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SN1 Stereochemistry
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The carbocation that is formed can be attacked from either side (back or front), leading to both inversion and retention of configuration (slight preference for inversion due to ion pairs)
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Some SN1 processes are accompanied with extra steps 1. Proton transfer at the beginning of SN1 2. Proton transfer at the end of SN1 3. Carbocation rearrangement during SN1
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1. occurs when the substrate is an alcohol (OH-) 2. also called Solvolysis–occurs when the nucleophile is neutral (water–H2O) 3. occurs so that the carbocation is more stable
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Determining the mechanism: Step 1: Determine Substrate • 1. Methyl or Primary? • 2. Tertiary? •3. Secondary, allylic, benzylic? •4. Vinyl and aryl? Step 2: Nucleophile •5. Strong nucelophile? •6. Weak nucleophile? Step 3: Leaving Group •7. Good LG? •8. Excellent LG? Step 4: Solvent Effects •9. Polar Aprotic? (contains no H+ atoms directly connected to an electronegative atom) •10. Protic? (contains atleast 1 H+ connected directly to an electronegative atom)
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1. SN2 2. SN1 3. Either– move to next factor 4. Neither 5. SN2 6. disfavors SN2 therefore allows SN1 to compete 7. SN2 8. SN1 9. SN2 10. SN1
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Weak nucleophiles?
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F-, H2O, R-OH
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Strong nucleophiles?
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I-, HS-, HO-, Br-, H2S, RO-, Cl-, RSH, N(trip bond)C-
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Good LG’s:
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I->Br->Cl->tosylate>water
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Bad LG’s:
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HO<CH3CH2O-<(CH3)3O-<NH2-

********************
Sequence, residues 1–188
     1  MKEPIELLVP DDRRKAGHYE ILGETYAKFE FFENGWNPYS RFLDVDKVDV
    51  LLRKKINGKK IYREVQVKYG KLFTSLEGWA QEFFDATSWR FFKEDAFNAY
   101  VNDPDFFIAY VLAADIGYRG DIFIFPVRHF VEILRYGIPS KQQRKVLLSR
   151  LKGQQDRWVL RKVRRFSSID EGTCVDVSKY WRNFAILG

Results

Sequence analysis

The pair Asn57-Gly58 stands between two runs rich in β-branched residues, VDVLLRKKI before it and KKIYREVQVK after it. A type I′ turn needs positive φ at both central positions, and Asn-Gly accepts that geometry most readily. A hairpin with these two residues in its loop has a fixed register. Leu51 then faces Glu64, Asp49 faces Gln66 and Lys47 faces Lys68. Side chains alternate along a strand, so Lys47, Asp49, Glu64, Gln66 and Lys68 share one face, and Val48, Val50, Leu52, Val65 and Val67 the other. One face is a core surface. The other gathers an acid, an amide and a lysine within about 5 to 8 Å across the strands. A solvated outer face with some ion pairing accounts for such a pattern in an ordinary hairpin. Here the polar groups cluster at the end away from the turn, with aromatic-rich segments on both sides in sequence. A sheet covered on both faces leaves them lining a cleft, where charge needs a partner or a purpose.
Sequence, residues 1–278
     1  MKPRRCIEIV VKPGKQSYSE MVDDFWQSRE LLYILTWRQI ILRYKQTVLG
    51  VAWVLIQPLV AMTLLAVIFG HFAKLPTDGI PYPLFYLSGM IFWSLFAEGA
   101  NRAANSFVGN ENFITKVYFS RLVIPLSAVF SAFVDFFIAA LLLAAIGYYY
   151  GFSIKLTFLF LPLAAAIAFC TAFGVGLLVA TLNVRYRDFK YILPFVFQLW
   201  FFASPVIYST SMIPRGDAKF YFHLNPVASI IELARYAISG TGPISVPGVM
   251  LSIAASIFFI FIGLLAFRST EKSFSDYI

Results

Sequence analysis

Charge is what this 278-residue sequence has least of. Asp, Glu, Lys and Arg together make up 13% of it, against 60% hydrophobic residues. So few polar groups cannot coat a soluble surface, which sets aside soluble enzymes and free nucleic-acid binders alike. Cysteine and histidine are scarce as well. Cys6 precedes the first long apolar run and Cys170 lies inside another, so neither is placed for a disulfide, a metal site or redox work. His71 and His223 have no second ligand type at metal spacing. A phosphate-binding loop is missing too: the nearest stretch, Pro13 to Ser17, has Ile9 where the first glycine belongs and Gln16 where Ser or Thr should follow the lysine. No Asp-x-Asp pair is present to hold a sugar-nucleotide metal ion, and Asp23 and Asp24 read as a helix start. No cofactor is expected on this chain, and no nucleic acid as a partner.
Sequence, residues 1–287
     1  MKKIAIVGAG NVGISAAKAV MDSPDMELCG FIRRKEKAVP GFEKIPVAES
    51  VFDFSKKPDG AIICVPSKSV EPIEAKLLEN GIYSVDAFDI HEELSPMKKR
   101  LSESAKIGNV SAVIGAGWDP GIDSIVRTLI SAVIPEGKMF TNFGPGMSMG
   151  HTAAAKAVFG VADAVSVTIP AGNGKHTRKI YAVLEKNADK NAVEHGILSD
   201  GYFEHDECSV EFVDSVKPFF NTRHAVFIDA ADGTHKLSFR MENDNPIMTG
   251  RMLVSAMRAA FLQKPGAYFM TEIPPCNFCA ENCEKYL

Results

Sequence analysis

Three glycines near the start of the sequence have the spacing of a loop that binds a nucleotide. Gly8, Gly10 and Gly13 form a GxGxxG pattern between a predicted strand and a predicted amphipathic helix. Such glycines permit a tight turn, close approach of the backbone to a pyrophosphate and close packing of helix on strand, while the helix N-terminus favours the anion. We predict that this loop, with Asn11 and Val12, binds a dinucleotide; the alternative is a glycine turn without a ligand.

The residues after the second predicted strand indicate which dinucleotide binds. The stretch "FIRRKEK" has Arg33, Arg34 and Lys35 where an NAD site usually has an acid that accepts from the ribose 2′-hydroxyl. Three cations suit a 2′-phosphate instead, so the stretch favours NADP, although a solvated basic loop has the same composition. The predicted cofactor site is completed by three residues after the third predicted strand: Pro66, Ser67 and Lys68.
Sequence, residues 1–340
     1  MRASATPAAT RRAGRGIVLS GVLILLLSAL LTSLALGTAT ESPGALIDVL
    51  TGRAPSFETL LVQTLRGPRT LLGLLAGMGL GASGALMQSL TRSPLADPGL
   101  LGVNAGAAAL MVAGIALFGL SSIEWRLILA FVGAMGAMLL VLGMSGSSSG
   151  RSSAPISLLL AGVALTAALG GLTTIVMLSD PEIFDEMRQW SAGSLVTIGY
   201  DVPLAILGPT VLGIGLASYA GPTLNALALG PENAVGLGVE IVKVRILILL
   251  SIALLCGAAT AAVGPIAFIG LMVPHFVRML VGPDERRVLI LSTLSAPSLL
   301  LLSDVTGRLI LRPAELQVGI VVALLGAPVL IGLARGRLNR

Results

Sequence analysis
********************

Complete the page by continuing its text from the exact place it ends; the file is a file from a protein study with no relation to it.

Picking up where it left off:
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Polar Aprotic solvents:
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DMSO, DMF, Acetonitrile, HMPA
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Protic solvents:
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water: H2O; Methanol: Me-O-H; Ethanol: Et-O-H Acetic acid: ROOH; Ammonia: NH3
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In POLAR APROTIC SOLVENTS, what is the reactivity of halides?
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F>Cl>Br>I
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In PROTIC solvents what is the reactivity of halides?
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I>Br>Cl>F
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Some SN2 processes are accompanied with extra steps 1. Proton transfer at the beginning of SN2 2. Proton transfer at the end of SN2 3. Proton transfer before and after SN2
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1. occurs when the substrate is an alcohol (OH-) (very rare in SN2 reactions) 2. also called Solvolysis–occurs when the nucleophile is neutral (water–H2O) 3. When the nucleophile is the hydronium ion (H3O+)
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Choosing reagents necessary for substitution Step one: Analyze substrate and stereochemistry •1. Tertiary? •2. Primary? •3.Secondary- inversion of stereochemistry? •4. Secondary- inversion and retention? Step 2: Analyze leaving group SN1–> weak nucleophile in protic solvent SN2–>strong nucleophile in aprotic solvent •5. Bad leaving group? (-OH) Step 3: Use conditions that favor the identified mechanism
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1. SN1 2. SN2 3. SN2 4. SN1 5. SN1: use acid to protonate OH group SN2: convert to tosylate using TsCl and pyridine